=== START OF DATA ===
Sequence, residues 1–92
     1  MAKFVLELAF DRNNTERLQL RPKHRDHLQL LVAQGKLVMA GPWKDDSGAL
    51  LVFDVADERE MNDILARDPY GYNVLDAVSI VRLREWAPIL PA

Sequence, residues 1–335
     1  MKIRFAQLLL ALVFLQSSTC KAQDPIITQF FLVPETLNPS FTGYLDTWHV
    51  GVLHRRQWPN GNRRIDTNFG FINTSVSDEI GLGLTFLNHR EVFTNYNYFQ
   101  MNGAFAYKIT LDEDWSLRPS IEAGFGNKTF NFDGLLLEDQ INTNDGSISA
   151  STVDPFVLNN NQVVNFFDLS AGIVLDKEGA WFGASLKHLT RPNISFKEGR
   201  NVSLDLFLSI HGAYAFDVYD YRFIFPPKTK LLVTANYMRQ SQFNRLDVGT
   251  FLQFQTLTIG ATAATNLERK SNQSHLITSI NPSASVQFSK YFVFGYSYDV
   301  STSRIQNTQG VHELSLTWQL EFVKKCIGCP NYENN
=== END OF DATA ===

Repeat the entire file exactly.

Sequence, residues 1–92
     1  MAKFVLELAF DRNNTERLQL RPKHRDHLQL LVAQGKLVMA GPWKDDSGAL
    51  LVFDVADERE MNDILARDPY GYNVLDAVSI VRLREWAPIL PA

Sequence, residues 1–335
     1  MKIRFAQLLL ALVFLQSSTC KAQDPIITQF FLVPETLNPS FTGYLDTWHV
    51  GVLHRRQWPN GNRRIDTNFG FINTSVSDEI GLGLTFLNHR EVFTNYNYFQ
   101  MNGAFAYKIT LDEDWSLRPS IEAGFGNKTF NFDGLLLEDQ INTNDGSISA
   151  STVDPFVLNN NQVVNFFDLS AGIVLDKEGA WFGASLKHLT RPNISFKEGR
   201  NVSLDLFLSI HGAYAFDVYD YRFIFPPKTK LLVTANYMRQ SQFNRLDVGT
   251  FLQFQTLTIG ATAATNLERK SNQSHLITSI NPSASVQFSK YFVFGYSYDV
   301  STSRIQNTQG VHELSLTWQL EFVKKCIGCP NYENN